- The attacks were carried out by Kimsuky, a North Korean state-sponsored hacking group.
- The attackers targeted retired officials as they are engaged in government advisory activities.
Retired South Korean diplomats, government and military officials have fallen victim in the first of its kind attack campaigns. The attacks were carried out by Kimsuky, a North Korean state-sponsored hacking group.
What is the motive?
Simon Choi, founder of IssueMakersLab, told ZDNet that the attackers targeted retired officials as they are engaged in government advisory activities. In addition, they also maintain ties with incumbent government officials.
Choi further added that people of older age tend to be more vulnerable than officials still in office. This enables the attackers to easily hack their accounts to steal sensitive or to launch attacks.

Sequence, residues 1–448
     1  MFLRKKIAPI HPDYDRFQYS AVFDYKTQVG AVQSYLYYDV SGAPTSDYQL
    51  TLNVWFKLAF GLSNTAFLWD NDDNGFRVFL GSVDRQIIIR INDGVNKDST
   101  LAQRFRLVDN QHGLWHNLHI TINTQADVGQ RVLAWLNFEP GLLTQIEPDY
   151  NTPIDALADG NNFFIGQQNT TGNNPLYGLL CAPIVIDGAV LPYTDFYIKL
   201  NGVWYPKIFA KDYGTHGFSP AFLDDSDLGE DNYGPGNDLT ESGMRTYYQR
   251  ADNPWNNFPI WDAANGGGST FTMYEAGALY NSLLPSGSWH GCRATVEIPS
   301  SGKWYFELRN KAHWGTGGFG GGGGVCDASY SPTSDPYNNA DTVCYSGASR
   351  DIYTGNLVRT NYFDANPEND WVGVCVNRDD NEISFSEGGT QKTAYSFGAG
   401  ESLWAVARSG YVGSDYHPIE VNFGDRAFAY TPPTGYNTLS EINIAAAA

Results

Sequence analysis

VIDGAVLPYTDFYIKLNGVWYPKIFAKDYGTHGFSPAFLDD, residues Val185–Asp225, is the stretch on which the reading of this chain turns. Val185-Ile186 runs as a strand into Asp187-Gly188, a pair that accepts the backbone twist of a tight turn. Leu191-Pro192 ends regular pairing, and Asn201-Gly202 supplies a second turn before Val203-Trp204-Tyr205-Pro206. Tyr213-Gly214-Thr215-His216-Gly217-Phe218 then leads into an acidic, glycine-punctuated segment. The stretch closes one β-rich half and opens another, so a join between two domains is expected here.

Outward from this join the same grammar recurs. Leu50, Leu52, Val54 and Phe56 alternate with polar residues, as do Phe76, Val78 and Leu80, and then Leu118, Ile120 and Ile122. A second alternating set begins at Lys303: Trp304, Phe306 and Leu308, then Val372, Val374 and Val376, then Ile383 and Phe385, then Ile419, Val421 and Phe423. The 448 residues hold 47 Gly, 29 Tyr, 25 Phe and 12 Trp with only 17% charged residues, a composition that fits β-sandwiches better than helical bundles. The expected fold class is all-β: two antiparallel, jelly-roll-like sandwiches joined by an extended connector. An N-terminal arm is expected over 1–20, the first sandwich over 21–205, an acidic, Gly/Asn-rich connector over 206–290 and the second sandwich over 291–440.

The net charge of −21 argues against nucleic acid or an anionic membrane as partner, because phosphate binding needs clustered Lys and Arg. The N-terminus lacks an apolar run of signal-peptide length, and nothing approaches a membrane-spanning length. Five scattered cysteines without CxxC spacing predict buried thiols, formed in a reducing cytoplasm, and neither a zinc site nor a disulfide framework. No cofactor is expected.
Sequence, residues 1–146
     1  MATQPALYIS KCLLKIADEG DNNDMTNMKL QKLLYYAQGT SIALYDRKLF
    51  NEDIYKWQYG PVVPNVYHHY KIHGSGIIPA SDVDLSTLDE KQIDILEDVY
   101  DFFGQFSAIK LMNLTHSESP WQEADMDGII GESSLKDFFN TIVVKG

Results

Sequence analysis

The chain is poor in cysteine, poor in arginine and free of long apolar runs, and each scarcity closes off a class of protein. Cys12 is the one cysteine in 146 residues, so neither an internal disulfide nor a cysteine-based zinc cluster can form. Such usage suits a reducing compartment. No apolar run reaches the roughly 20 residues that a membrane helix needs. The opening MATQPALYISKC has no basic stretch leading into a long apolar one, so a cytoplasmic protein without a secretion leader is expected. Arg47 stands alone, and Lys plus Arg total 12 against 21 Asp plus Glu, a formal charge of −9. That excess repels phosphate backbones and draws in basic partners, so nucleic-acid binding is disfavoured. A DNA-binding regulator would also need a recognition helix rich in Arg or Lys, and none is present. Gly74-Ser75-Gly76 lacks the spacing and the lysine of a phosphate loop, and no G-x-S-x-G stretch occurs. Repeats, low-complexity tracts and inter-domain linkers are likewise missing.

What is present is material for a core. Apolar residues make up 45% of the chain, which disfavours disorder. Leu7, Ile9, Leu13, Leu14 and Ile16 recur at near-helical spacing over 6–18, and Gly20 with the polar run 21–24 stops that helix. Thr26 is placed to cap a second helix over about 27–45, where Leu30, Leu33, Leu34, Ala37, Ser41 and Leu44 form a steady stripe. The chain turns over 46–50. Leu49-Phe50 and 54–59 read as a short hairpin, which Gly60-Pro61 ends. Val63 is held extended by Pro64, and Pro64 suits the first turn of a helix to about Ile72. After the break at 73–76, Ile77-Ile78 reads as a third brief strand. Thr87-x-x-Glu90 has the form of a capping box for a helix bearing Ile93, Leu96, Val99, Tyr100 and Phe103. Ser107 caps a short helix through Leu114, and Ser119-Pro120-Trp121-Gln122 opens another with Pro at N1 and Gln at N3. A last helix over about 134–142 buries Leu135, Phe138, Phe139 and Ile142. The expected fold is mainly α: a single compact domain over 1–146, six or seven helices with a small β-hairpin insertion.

How did the attackers operate?
The attacks occurred between mid-July and mid-August of 2019. They were basically carried out through spear-phishing emails. These emails included links that redirected victims to fake login pages. These spoofed login pages asked victims to provide their login credentials, which could later be used for identity fraud.
What is Kimsuky?
Kimsuky, also known as Velvet Chollima, is a well-known political cyber-espionage group linked to North Korea. It has been in operation since 2011. Its primary targets include various South Korean government, nuclear power plants, and military operations.
In the past two years, the group has expanded its operations to include foreign targets such as academic institutions, foreign affairs ministries, and the US think tanks.